Dynavax also gave some indication as to how it wants to proceed in late-stage clinical trials for SD-101, with a clear preference for a large partner. The company was not willing, however, to opine on the scope of such a deal, such as whether it would be comprehensive or indication-specific. Such reticence is likely wise, since any negotiations could yield substantial near-term rewards in addition to reduced costs. According to CEO Gray, the companys current thinking is this: Prefer a partnership, but always be ready to walk away.

50% is not an insanely high bar, but it is reasonable in the context of a study for the treatment of advanced melanoma. The SD-101 and Keytruda combination therapy is not a frontline treatment. It is specifically designed to combat advanced cancers, and such cancers are inherently more difficult to combat even with the best therapies.

The 25 patients included in the abstract were simply the only ones available at the time of abstract submission in February. The full study cohort is more than double the size, and the results could well be different. Given Dynavax highlighted the ASCO presentation on its earnings call in May, months after submitting the abstract, it would seem like a safe surmise that the full results are at least as good as those shared in the abstract.

Dont Forget the Real Value Driver

It is also worth reflecting on the fact that SD-101 represents only a tiny piece of Dynavaxs value proposition albeit a growing one. Rather it is Heplisav-B, the companys FDA-approved 2-dose best-in-class Hepatitis B vaccine, that will be shaping the near-to-mid-term value of Dynavax. With projected peak annual sales of about $500 million in the United States alone, Heplisav-B promises to be a massively profitable asset.

Heplisav-B commercialization is only just getting underway, so there is still market skittishness about the success of the launch, but Dynavax has the resources necessary to see through the commercial rollout, probably on its current resources.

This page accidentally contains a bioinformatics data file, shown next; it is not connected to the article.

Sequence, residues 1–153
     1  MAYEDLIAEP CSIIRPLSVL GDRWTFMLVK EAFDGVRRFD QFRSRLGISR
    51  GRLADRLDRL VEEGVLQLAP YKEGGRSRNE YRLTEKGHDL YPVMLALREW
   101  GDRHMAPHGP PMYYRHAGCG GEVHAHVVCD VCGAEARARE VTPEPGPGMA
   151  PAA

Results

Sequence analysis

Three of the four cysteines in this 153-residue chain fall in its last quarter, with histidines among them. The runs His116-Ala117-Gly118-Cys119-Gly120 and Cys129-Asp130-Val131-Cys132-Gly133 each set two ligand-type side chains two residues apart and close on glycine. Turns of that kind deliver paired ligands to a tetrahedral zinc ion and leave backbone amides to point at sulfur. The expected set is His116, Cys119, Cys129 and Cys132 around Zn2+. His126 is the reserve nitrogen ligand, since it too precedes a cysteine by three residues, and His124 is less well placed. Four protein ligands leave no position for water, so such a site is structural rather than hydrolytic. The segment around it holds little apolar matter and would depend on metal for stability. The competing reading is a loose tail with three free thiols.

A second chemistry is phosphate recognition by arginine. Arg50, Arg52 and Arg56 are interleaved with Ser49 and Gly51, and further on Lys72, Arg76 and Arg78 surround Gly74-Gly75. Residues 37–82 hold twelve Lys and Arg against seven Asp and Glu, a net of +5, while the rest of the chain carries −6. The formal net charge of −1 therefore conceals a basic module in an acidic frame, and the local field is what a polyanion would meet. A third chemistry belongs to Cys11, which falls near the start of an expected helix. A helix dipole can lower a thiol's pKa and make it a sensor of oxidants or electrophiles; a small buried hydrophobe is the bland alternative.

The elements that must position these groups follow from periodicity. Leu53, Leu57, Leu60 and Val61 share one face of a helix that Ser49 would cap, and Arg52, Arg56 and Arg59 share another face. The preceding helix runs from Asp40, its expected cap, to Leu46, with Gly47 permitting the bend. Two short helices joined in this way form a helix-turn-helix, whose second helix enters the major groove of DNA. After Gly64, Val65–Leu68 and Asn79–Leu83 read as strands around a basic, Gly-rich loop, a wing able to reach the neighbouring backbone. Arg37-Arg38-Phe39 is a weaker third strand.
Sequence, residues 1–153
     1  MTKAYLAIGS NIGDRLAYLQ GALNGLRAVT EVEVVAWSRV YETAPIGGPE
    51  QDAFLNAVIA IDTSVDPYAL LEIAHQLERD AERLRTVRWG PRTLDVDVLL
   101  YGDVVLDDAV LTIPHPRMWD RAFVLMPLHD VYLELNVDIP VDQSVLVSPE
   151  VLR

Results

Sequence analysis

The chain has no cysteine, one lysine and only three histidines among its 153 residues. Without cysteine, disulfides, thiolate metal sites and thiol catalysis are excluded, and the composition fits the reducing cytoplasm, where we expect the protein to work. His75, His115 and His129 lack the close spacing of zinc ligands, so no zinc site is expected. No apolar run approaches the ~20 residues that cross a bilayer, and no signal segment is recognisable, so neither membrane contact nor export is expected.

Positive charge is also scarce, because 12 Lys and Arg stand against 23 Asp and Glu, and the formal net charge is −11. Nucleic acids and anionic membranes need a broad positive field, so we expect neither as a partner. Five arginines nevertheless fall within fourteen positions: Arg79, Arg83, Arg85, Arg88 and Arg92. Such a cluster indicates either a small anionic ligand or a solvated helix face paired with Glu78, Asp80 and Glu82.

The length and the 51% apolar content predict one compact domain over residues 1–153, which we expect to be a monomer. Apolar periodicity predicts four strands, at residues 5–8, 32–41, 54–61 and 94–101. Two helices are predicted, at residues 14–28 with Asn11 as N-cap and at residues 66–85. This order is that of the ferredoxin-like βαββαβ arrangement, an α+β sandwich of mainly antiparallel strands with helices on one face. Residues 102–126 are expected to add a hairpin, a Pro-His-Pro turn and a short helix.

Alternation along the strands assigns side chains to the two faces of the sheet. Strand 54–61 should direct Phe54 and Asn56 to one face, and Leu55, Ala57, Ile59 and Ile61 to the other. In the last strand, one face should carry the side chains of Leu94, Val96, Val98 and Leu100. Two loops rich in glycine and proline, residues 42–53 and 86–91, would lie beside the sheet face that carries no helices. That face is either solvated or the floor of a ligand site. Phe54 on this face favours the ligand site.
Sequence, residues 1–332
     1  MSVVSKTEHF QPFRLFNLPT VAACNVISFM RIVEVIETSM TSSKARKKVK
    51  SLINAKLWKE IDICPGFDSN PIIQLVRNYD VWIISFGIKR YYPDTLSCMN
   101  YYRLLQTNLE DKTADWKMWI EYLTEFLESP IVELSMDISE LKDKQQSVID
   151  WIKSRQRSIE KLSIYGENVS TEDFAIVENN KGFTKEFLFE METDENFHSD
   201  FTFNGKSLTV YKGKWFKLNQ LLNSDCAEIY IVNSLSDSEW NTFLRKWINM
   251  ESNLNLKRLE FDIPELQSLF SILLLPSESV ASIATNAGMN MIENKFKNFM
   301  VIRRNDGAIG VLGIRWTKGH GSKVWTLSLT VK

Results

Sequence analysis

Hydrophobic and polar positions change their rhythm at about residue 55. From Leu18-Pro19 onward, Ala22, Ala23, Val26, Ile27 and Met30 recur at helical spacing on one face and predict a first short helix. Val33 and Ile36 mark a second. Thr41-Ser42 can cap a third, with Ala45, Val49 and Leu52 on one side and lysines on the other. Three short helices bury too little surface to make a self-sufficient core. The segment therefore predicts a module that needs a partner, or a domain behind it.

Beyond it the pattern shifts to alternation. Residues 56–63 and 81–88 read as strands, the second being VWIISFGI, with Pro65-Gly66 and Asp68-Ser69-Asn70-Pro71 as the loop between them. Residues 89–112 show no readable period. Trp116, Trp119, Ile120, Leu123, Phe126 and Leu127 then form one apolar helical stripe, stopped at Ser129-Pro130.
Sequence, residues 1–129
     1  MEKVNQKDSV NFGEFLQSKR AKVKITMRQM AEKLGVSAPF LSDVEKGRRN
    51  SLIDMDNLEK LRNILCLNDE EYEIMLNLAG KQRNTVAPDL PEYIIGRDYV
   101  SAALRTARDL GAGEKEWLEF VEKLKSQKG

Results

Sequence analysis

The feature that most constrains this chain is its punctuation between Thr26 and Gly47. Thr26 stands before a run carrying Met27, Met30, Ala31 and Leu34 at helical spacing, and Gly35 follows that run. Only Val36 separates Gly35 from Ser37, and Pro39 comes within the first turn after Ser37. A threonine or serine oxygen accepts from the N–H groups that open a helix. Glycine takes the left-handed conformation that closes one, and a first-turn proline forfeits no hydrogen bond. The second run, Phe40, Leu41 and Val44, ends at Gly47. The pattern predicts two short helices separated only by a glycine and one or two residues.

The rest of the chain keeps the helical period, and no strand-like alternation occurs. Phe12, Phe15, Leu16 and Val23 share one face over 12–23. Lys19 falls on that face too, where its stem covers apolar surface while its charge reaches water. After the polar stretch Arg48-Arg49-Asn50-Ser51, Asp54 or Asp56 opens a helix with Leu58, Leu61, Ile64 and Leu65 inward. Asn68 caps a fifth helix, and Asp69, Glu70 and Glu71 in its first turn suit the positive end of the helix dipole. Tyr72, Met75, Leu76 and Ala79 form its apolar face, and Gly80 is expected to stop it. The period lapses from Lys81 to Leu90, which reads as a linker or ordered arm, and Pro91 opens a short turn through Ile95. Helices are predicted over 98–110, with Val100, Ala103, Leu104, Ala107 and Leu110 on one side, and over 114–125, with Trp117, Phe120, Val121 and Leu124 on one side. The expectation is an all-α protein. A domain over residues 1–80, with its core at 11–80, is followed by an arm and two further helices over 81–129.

With $250.8 million in cash and marketable securities at the end of Q1 2018, as well as access to $75 million in non-dilutive debt financing, Dynavax looks well placed to reach its projected profit inflection point at the end of 2019. Indeed, it has enough cash or access to cash to reach Q2 2020, so its commercialization efforts could fall a two to three quarters behind schedule and still not run the risk of a dilutive capital raise. That does not mean a raise will not happen, but it makes the prospect of it happening anytime soon vanishingly small.

Investors-Eye View

The negative reaction to the SD-101 and Keytruda Phase 1/2 trial data is completed out of kilter with reality. The abstract, submitted in February and representing just half of the study population, is an out-of-date snapshot of the data that will be presented on June 4th.

So the markets skittishness looks fairly silly at this point. If the results are a flop at ASCO, then there will be reason to discount the prospects of SD-101. But at this stage, the therapy remains a very strong candidate. Indeed, even taken at their worst as Mr. Feuerstein would have us do, the results are sufficiently positive even at this stage for the planned pivotal Phase 3 study to commence before the end of 2018.

With Heplisav-Bs commercial rollout also underway, we should expect a heap of good news coming out of Dynavax over the next few quarters. Investors would be wise to not allow noise and fear to cloud the real picture.

Disclosure: I am/we are long DVAX.

I wrote this article myself, and it expresses my own opinions. I am not receiving compensation for it (other than from Seeking Alpha). I have no business relationship with any company whose stock is mentioned in this article.